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Curiosity Gets a Sister – What Should She Do ? Scientists Speak

Image caption: Seeing Double – Future Martian Sisters. NASA just announced plans to build and launch a new Mars science robotic rover in 2020 based on the design of the tremendously successful Curiosity rover which touched down safely inside Gale Crater on Aug. 6, 2012. This mosaic illustrates an imaginary Red Planet get-together of Curiosity and her yet to be constructed Martian sister. Credit: NASA/JPL-Caltech/MSSS/Ken Kremer

Curiosity will apparently get a sister after all and she’ll be born in 2020 – rising from the ashes of a near death experience.

The good news concerning approval of a future NASA Mars rover was announced this week by John Grunsfeld, NASA Associate Administrator for the Science Mission Directorate at NASA HQ, at the 2012 annual meeting of the AGU (American Geophysical Union) held in San Francisco.

What should Curiosity’s younger sister do? There are a multitude of great ideas, but a paucity of money in these very tough budget times – foremost among them is to gather and return the first ever Martian soil samples to Earth. What should the science goals be especially with regards to sample cache/return?

So, I asked these questions to Grunsfeld and leading Mars scientists, including Steve Squyres, Ray Arvidson and Jim Bell, the science team and camera leaders of NASA’s wildly successful Spirit and Opportunity Mars Exploration Rovers (MER). Opportunity is nearing the 9th anniversary of her Red Planet touchdown – and is exploring the most scientifically bountiful terrain yet of her entire mission at this very moment.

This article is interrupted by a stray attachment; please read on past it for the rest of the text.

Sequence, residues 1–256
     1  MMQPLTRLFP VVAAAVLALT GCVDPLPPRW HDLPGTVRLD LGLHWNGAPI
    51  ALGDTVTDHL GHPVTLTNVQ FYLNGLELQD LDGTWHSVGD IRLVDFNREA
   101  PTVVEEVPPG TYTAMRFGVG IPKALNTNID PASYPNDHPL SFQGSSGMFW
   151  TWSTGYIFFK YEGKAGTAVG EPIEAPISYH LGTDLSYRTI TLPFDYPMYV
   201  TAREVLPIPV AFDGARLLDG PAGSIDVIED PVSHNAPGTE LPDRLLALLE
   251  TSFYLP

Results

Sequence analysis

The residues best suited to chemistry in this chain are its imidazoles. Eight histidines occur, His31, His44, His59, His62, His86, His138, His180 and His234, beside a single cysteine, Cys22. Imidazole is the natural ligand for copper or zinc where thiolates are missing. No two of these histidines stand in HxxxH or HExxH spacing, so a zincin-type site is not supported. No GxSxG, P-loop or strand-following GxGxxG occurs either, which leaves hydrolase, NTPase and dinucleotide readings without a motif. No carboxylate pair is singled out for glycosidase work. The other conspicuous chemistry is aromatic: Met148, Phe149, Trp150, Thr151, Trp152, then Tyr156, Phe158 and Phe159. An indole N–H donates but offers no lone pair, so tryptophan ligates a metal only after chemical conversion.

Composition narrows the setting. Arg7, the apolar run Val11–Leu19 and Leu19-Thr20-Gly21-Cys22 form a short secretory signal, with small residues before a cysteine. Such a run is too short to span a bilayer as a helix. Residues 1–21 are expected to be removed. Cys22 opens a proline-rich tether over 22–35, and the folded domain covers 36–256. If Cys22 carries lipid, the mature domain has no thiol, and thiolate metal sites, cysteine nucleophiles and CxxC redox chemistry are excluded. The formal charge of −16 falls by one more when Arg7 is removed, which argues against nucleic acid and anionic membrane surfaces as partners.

The design for the new Mars rover, let’s call it MSL 2, will be largely based on NASA’s hugely successful Curiosity Mars Science Laboratory (MSL) rover and the breathtaking rocket powered ‘Sky Crane’ landing architecture she so elegantly employed for touchdown barely 4 months ago on Aug. 6, 2012.

Grunsfeld and the researchers weighed in to Universe Today with their thoughts on this – “Will the 2020 Mars rover be focused on astrobiology and the search for life? Or, other goals like sample return or future human visits?”

“That question will ultimately be determined by the Science Definition Team,” Grunsfeld told me. “Historically the driving question behind our Mars exploration has been ‘are we alone in the universe?’ that includes searching for signs of conditions supportive of past and/or present life on Mars.”

Steve Squyres, of Cornell University in New York, says that “sample return is the next logical step” in Mars exploration.

“Simple… it should collect and cache a well-chosen set of samples for eventual return to Earth,” Squyres told me. “Doing so was the clear top priority of the recent planetary decadal survey.”

Squyres led the planetary decadel survey for the National Research Council (NRC) and is the scientific Principal Investigator for the Spirit and Opportunity MER rovers.

Image caption: Artists Concept for Mars Sample Return mission. Credit: NASA

“The recently announced 2020 rover has the potential to be directly responsive to the recommendations of the recent planetary decadal survey. The highest priority large mission identified by the Mars community, and indeed by the broader planetary community, in the decadal was a rover that would collect and cache a suite of samples for eventual return to Earth. The 2020 rover, which will be based on the highly capable MSL design, clearly can have that capability if it is appropriately equipped,” Squyres elaborated.

“The National Research Council planetary decadal survey documented the US planetary science community’s consensus views on future priorities for planetary exploration. The 2020 rover mission will be consistent with those priorities only if it collects and caches a suite of samples for eventual return to Earth,” Squyres told Universe Today.

Although retrieving and returning pristine samples from the Red Planet’s surface has long been the top priority for many researchers like Squyres, that ambitious goal would also be expensive and likely require a sequential series of flights to accomplish. But it is doable and would enable scientists on Earth to utilize every one of the most powerful science instruments at their disposal to help solve the most fundamental mysteries of all, like; ‘How did the Solar System form’, ’Did life ever exist on Mars’ and “Are We Alone?’